Fuller House actress, Lori Loughlin received a two-month federal prison sentence on Friday for her role in the high-profile College Admissions Cheating Scandal.
As part of her sentence, Loughlin will serve two years of supervised release. During which she must perform 100 hours of community service and pay a fine of $150,000, according to the US Attorney for the District of Massachusetts.
Lori was sentenced just hours after her husband, Mossimo Giannulli, received five months in prison, a $250,000 fine, two years of supervised release and 250 hours of community service. Prosecutors mentioned that Giannulli deserved the harsher sentence because he was “the more active participant in the scheme.” Like her spouse Mossimo Giannulli, Loughlin was told to surrender on November 19 to the Bureau of Prisons.
Due to the COVID-19 crisis, Loughlin, like her husband, participated in the hearing by Zoom with her attorney, Sean Berkowitiz next to her.
They originally pleaded not guilty before eventually deciding to take a plea deal
The sentencing brings an end to the saga for Giannulli and Loughlin, who became the face of the college admissions scandal. The two paid $500,000 through the phony Key Worldwide Foundation run by William “Rick” Singer. In order to get their daughters, Olivia Jade Giannulli, 20, and Isabella Rose Giannulli, 21, accepted to the University of Southern California as rowing team recruits. Even though neither of them ever participated in the sport. (The two no longer attend USC.)
The couple was charged in 2019 with one count each of conspiracy to commit federal programs bribery in addition to charges of money laundering conspiracy, conspiracy to commit mail and wire fraud and honest services mail and wire fraud. Both originally pleaded not guilty before eventually deciding to take a plea deal.
“While I wish I could go back and do things differently, I can only take responsibility”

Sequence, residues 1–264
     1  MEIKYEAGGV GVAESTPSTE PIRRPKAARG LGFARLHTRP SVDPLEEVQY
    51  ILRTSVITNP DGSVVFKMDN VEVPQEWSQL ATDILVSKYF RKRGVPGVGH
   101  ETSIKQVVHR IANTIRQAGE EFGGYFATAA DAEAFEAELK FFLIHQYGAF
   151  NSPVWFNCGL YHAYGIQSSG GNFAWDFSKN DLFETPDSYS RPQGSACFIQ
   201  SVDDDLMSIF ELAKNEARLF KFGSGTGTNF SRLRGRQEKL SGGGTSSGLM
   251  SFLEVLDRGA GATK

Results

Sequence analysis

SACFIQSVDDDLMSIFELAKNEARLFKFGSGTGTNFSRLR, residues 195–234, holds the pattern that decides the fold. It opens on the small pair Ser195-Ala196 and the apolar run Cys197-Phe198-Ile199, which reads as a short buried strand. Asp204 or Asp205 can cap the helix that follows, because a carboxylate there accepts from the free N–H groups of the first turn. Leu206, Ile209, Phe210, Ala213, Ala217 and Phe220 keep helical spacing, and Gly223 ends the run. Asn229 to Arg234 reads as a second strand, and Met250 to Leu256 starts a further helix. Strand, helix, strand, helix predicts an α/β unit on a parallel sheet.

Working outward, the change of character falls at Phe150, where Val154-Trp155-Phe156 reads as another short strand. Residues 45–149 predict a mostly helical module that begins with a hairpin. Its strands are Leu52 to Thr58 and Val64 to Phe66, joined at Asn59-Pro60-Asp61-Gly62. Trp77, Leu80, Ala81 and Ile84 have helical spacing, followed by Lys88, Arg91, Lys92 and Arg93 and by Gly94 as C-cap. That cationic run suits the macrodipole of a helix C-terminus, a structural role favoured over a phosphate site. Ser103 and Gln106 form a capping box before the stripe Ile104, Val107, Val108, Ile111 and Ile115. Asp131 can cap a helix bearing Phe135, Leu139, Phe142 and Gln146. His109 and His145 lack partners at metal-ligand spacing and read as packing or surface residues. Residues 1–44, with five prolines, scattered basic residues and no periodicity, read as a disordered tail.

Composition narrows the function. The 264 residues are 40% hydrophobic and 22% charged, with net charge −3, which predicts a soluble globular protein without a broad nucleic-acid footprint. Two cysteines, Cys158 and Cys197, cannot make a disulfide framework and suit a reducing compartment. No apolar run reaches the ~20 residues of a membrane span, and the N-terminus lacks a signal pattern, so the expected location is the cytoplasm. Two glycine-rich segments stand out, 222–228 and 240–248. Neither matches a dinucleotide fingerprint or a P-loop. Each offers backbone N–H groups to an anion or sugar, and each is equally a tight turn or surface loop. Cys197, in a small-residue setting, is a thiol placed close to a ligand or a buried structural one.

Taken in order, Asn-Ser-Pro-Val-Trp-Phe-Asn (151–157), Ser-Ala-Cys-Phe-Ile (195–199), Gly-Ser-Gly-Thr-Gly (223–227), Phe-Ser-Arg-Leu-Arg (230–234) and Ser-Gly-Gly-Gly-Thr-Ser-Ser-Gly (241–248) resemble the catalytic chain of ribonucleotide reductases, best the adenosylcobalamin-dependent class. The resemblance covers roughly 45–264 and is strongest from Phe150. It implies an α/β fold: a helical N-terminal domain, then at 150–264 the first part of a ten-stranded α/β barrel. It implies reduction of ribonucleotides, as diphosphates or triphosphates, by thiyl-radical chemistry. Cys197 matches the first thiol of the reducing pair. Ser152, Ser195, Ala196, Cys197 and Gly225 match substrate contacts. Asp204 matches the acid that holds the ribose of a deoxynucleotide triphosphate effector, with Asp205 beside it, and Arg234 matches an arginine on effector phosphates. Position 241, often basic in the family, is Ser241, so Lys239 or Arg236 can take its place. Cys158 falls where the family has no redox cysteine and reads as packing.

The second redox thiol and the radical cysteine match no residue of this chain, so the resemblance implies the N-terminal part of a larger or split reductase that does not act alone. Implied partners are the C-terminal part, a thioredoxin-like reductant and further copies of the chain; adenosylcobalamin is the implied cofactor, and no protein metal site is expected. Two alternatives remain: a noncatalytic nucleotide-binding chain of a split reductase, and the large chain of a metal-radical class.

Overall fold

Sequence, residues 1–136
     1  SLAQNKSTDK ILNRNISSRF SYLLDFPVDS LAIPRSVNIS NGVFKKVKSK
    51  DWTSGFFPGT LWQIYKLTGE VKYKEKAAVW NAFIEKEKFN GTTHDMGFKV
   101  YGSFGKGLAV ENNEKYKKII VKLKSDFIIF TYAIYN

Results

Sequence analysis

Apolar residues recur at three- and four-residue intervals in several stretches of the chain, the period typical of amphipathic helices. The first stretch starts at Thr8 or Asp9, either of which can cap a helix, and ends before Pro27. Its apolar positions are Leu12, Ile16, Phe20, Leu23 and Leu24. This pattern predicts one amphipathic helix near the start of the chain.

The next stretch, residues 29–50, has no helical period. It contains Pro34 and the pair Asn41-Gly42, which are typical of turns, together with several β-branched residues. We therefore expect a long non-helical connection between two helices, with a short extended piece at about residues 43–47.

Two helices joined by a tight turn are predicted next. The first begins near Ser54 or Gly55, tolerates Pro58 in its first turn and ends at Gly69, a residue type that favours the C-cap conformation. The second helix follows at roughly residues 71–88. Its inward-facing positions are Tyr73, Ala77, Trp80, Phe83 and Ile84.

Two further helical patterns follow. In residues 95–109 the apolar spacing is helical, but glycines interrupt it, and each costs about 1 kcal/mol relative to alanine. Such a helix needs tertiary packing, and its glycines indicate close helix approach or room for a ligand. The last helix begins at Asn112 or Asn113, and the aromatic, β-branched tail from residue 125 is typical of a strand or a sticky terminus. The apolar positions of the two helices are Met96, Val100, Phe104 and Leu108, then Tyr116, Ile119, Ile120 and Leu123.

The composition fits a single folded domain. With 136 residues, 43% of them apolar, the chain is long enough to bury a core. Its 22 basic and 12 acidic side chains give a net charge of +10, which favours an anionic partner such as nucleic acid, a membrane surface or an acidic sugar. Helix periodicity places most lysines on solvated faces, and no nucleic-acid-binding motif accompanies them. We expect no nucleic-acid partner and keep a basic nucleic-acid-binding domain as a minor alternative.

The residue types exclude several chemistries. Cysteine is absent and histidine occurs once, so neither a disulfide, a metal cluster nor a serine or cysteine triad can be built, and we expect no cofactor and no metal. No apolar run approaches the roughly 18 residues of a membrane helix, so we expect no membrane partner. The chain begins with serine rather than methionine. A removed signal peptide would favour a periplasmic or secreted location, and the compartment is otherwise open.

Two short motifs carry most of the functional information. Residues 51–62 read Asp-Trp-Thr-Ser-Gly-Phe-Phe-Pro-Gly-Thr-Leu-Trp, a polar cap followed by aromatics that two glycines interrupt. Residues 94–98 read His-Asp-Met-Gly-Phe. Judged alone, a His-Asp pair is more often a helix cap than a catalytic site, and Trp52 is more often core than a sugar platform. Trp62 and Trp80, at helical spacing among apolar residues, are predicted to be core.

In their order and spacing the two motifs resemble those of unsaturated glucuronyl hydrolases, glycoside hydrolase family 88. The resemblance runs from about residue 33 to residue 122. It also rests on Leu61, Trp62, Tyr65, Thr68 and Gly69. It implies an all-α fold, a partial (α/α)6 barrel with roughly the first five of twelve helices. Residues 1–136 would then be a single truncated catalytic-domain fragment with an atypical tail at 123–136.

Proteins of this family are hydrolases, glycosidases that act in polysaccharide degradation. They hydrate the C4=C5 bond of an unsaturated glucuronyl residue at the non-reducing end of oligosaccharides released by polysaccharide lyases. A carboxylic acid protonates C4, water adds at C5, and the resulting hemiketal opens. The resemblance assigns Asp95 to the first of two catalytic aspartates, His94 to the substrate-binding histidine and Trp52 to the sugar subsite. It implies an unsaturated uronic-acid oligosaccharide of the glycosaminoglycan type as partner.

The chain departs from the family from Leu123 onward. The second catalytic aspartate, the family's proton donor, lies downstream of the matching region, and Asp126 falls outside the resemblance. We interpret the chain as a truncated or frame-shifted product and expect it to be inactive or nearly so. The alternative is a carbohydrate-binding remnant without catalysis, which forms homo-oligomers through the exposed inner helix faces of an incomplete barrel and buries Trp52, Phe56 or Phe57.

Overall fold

While addressing the judge, Loughlin said, “I went along with a plan to give my daughters an unfair advantage in the college admissions process.” Loughlin said during her virtual sentencing hearing. “In doing so I ignored my intuition and allowed myself to be swayed from my moral compass. I thought I was acting out of love for my children. But in reality, it only undermined and diminished my daughters’ abilities and accomplishments.”
She said she now understood that her decision helped exacerbate existing inequalities in society. “While I wish I could go back and do things differently, I can only take responsibility and move forward,” she said as her voice cracked and she began to cry. “I am truly, profoundly and deeply sorry,” she said, using both hands to wipe tears from her face. “I’m ready to face the consequences and make amends.”
“You stand before me a convicted felon, and for what?”
U.S. District Judge Nathaniel Gorton expressed outrage at the couple’s greed. He called Loughlin’s life “charmed” and a “fairytale,” with success and plentiful wealth. “Yet you stand before me a convicted felon, and for what? For the inexplicable desire to grab more,” Gorton said. “To have whatever prestige and instant gratification that comes from being able to show off the admission of your daughters to a preferred university.”
“You have no excuse for your crime. And that makes it all the more blameworthy”
In his own statement to the judge, Giannulli said: “I take full responsibility for my conduct. I am ready to accept the consequences and move forward, with the lessons I’ve learned from this experience.”
Accusing Giannulli of “wanton arrogance coming from excessive pride,” Gorton said the defendant committed a “breathtaking fraud on our system of education.” The judge told Giannulli that he “certainly did know better.”
“You were not stealing bread to feed your family,” Gorton said. “You have no excuse for your crime. And that makes it all the more blameworthy.” He ordered the designer to surrender himself on November 19 at a facility designated by the Bureau of Prisons.
“Lori and Mossimo deeply regret what they did,” a source close to Loughlin revealed in May. “This experience has taken a huge emotional and physical toll on both of them.” A second source added, “At this point, they just want to find out their fates and to serve whatever time they need to serve, so they can move on with their lives and close this chapter.”
“Operation Varsity Blues”
Loughlin, who gained fame for her role as the wholesome Aunt Becky in the sitcom “Full House” that ran from the late 1980s to mid-1990s, and Giannulli were among 50 people charged last year in the case federal prosecutors dubbed “Operation Varsity Blues.” Which uncovered hefty bribes to get undeserving kids into college with rigged test scores or fake athletic credentials. Nearly 30 parents have pleaded guilty while 10 are headed to trial.
Other prominent parents charged in the case include, “Desperate Housewives” star Felicity Huffman. The actress pleaded guilty in a Boston court in May, just weeks after her initial arrest. Huffman ended up being sentenced to 14 days in prison in September. During her sentencing hearing, Huffman said she was “deeply ashamed” of her actions.